Great Day Hike #8 – Linville Gorge: Wolf Pit Road to Table Rock. Friends’ trail resource manager Jim Grode headed out in March to check out this 6.8 mile hike along one of the most challenging sections of the MST.
The forecast was calling for highs in the high 60s and partly cloudy skies, the previous afternoon had been beautiful, and so I thought it would be a perfect day to hike the Wolf Pit to Table Rock day hike and take in the renowned views. Mother Nature had other plans.
These pictures shows the “views” from the overlook of Lake James mentioned at Mile 0.7 and looking into Linville Gorge from the Table Rock summit. There may be a metaphor here for these times, but I’m not philosophical enough to pull it off.
Despite the clouds and fog, the hike lived up to expectations. The guide bills this as the most challenging hike in the book, and several of the climbs were indeed quite strenuous—notably coming out of Chimney Gap in both directions. We note that “for naturalists, the forest fires have created many opportunities to see forest regeneration in action,” and that was readily apparent: the hike directions at Mile 2.2 describe an area “where mountain laurel is the only live vegetation of any size,” but that area now features young pines up to 5 feet tall. Oddly, though, I thought the time and location would be prime for wildflowers, but I saw only two plants in bloom on the entire hike (a golden ragwort and a shadbush). The Chimneys, the remarkable rock formations near the Table Rock parking lot, were even more mysterious in the fog.
I was not alone in braving the weather: Along the hike, I saw 53 humans and 10 dogs (yes, I kept count!), including intrepid Friends volunteer Billy Williams hard at work breaking rocks to create a more sustainable trail. Thankfully, nearly everybody was practicing good social distancing, and the day passed without any incidents.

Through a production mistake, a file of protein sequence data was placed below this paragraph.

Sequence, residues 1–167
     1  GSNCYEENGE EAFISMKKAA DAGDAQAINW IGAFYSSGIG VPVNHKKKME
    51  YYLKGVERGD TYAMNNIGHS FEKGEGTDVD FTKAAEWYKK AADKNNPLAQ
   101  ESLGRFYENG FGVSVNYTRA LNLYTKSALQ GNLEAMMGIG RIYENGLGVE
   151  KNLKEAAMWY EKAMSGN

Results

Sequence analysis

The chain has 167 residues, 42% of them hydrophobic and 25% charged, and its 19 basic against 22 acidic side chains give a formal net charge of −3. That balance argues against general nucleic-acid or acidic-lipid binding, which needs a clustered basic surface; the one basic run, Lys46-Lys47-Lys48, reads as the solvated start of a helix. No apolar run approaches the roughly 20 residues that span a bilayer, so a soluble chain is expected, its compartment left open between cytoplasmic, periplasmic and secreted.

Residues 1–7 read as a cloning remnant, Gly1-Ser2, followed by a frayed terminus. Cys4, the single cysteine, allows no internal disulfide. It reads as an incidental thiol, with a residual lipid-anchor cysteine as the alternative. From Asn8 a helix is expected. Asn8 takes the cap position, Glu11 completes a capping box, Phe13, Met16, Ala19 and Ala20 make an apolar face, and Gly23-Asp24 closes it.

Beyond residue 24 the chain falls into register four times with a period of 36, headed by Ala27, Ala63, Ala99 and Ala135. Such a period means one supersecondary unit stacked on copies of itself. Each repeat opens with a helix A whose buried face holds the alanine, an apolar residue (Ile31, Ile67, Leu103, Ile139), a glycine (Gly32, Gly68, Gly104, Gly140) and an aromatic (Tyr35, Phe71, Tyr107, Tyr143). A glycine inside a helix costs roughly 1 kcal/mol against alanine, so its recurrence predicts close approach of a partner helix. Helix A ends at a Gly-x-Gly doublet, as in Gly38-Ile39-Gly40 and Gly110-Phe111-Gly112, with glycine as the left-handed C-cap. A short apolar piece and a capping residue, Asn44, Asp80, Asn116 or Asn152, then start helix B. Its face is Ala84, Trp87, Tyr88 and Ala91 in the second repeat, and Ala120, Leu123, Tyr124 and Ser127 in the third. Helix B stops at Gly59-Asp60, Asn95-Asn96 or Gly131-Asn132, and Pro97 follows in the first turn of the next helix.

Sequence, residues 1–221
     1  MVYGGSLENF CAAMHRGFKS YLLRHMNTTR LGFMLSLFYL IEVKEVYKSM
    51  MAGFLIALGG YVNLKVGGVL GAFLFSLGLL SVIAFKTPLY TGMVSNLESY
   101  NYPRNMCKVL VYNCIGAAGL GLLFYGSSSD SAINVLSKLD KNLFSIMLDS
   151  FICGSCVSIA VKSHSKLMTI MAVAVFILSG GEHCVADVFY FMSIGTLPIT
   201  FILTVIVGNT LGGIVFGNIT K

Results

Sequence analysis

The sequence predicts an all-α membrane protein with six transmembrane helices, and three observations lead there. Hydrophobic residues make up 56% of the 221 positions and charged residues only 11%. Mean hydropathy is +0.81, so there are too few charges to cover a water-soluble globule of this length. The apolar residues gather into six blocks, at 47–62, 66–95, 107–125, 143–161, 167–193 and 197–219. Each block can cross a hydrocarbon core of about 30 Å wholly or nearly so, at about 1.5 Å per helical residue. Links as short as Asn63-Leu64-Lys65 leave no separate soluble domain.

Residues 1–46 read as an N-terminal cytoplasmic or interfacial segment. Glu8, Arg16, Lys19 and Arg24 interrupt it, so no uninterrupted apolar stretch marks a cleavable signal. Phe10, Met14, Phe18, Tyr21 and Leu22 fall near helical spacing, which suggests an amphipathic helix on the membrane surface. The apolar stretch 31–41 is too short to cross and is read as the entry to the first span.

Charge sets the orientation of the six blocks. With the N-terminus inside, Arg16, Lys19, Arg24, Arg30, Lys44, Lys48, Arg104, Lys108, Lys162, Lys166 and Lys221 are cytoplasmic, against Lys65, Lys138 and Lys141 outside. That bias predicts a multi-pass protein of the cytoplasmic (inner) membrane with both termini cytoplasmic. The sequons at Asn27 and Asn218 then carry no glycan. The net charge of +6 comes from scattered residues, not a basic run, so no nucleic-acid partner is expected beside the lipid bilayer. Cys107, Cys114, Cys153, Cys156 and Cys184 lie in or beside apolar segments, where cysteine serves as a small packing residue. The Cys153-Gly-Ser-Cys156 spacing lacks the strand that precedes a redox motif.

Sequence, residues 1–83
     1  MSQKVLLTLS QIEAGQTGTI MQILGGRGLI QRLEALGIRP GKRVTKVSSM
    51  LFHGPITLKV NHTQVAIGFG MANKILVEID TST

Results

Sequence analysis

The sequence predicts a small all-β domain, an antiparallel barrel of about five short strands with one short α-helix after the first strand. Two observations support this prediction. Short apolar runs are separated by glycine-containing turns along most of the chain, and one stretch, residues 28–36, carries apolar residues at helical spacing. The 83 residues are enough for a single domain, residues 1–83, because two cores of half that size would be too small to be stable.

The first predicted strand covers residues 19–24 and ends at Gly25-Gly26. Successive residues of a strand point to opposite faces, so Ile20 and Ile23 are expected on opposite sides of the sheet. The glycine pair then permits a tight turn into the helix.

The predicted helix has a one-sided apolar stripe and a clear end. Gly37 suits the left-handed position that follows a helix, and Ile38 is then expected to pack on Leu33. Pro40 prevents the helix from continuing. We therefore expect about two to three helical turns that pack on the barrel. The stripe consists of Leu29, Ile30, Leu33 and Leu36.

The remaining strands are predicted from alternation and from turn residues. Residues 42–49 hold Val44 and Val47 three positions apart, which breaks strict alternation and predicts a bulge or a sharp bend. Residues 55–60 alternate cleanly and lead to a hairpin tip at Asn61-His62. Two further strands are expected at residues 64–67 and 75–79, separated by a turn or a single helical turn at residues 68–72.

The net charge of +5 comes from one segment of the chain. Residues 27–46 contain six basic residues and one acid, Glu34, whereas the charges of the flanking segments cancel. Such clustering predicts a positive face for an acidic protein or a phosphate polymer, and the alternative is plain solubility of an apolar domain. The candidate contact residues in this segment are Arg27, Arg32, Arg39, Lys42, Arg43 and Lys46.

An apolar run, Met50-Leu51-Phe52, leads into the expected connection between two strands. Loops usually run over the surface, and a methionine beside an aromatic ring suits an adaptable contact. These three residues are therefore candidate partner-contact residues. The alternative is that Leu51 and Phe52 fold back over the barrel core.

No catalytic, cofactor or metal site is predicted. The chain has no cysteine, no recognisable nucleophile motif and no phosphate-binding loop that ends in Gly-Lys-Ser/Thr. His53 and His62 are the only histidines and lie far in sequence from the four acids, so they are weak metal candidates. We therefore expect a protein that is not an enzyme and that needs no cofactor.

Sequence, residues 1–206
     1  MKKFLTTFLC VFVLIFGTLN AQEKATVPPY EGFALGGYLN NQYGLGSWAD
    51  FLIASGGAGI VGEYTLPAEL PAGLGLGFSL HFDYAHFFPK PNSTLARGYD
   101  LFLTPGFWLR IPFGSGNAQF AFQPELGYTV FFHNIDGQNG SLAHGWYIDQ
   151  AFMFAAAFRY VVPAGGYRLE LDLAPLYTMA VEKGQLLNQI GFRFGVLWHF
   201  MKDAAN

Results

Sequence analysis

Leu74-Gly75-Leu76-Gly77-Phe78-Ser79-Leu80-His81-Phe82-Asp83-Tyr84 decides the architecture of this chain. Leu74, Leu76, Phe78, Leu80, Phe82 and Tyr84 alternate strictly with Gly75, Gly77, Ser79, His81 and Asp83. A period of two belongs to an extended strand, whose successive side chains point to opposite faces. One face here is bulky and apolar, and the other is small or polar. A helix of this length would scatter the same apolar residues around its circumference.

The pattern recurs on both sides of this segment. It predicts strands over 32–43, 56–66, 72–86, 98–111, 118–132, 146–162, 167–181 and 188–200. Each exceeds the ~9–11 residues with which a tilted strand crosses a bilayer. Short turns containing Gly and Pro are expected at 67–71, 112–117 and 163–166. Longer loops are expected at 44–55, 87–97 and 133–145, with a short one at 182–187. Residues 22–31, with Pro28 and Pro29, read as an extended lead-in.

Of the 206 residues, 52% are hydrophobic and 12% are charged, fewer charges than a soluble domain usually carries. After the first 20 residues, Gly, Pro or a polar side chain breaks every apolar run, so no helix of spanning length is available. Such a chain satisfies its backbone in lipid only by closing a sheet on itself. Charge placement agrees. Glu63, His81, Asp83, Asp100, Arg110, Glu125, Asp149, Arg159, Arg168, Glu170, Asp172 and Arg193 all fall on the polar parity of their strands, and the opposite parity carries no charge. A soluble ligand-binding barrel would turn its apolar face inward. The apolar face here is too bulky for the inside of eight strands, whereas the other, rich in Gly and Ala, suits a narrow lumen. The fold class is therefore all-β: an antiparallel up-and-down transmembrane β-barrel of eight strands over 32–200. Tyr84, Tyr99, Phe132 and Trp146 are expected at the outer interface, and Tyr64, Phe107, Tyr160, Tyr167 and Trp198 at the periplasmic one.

In the last mile or so of the hike, the clouds finally began to lift a bit, and I caught a few glimpses of the views into the gorge and over Lake James and the Piedmont. Although not enough to give the full flavor of the hike, these glimpses whetted my appetite for my next trip!
Great Day Hike #35 – Southern Neusiok: Oyster Point Loop as hiked by Roger Mays
We’re walking the southernmost stretch of the Neusiok often these days. It’s much quieter, often with a family group or two near the river but almost no one north of Mill Creek Road.
This 2.8-mile loop hike includes the southern end of the Neusiok Trail, the longest continuous hiking trail in eastern North Carolina. Along with coastal pine forest and freshwater swamps, the hike offers expansive views of salt marsh and tidal creeks, along with diverse wildlife. It begins and ends near the shore of the Newport River, with long-range vistas over the water.
The wet spots teem with small frogs, and the water snakes snoop along the shore hoping to surprise one.
The explosion of flowers wanes but the few that remain reward sharp eyed walkers.
Bird watching could have occupied hours, but dinner called us home content and relaxed.
We invite you to hike all 40 of the hikes in Great Day Hikes – take the 40 Hike Challenge! If you’ve hiked one of the 40 Hikes, share your story with us. Hashtag #MST40Hike or email firstname.lastname@example.org with your tale.